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Tuesday, February 12

Kyiv to See Record 6 Shopping Centers Opening in 2019…Ukrainians Go Cashless…Foxtrot, JYSK, Novus, ATB, and Brocard Expand in 2019…Restaurants Groups Bank on More Ukrainians Dining Out…Developers Shift to Offices, Warehouse
James Brooke
by James Brooke
UBN Morning News is reported and written by James Brooke, a former New York Times foreign correspondent and Bloomberg Moscow Bureau Chief

Six new shopping centers, containing a record 400,000 square meters of rentable space, are to open in Kyiv this year, according to the Ukraine Retail Center. This would be eight times the new leasable space of last year and a record for the capital, says Daryna Kulaga, a market analyst for Jones Lang LaSalle Ukraine. Although developers often do not reveal construction costs, the six could total around $350 million.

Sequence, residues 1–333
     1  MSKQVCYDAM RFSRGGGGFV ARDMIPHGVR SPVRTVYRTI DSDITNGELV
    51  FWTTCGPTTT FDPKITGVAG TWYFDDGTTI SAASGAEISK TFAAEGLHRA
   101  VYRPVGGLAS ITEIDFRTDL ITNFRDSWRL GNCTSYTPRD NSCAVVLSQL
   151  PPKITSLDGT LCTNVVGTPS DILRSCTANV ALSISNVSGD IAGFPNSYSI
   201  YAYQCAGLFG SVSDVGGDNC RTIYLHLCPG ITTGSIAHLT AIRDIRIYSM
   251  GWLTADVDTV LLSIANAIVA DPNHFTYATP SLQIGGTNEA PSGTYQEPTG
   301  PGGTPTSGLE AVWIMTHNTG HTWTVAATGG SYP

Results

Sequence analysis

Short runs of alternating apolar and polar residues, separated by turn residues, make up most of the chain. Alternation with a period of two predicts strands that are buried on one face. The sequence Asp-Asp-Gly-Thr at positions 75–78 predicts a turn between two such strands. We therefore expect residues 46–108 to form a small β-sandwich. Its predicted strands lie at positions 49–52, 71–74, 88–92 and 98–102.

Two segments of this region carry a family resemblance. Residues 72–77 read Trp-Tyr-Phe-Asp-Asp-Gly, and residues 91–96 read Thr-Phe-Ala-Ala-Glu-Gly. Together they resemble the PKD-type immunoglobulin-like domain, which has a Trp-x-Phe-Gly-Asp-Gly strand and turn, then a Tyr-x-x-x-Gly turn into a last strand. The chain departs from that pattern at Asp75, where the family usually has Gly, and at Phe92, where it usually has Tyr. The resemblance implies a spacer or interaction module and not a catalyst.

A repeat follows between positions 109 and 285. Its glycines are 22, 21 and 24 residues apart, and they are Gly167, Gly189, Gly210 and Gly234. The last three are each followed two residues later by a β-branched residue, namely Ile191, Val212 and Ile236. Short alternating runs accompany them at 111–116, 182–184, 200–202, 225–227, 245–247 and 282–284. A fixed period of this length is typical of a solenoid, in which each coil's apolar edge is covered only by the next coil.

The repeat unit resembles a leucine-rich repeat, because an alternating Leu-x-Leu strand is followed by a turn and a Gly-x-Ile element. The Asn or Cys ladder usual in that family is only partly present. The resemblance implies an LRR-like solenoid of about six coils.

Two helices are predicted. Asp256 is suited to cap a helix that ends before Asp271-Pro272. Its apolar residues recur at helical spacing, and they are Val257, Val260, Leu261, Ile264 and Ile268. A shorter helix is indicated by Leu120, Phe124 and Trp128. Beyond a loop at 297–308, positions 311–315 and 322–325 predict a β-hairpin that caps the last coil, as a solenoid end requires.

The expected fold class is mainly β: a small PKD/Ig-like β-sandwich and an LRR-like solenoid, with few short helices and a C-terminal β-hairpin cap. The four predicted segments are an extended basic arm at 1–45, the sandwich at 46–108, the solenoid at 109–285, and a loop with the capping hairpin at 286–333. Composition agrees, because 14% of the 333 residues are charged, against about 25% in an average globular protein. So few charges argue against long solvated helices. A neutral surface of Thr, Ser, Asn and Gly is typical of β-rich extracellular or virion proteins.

By June, these Kyiv shopping entertainment centers are to open: Smart Plaza Obolon – 10,000 sq.m; Oasis, Heroes of the Dnipro metro station – 13,200 sq.m; Blockbuster Mall, Stephan Bandera Ave. — 135 000 sq. m; and River Mall, Dnipro Embankment Left Bank –59,682 sq. m.

By September, two more are to open: Ocean Mall, next to Ocean Plaza, Lybidska Metro station — 100,000 sq. m.; and Retroville, on Pravda Ave. — 80 718 sq. m.

    In Odesa, Gargarin Plaza is to open by May with 20,000 sq. m.

    In Lviv, Spartak is to open this spring with 23,000 sq.m.

    The overall vacancy rate at Kyiv shopping centers fell to 3.7% at the end of last year, Jones Lang LaSalle reports. This is down from 5.6% at the start of 2018. Annual store rents rose to $1,140 per square meter, almost the level of 2013.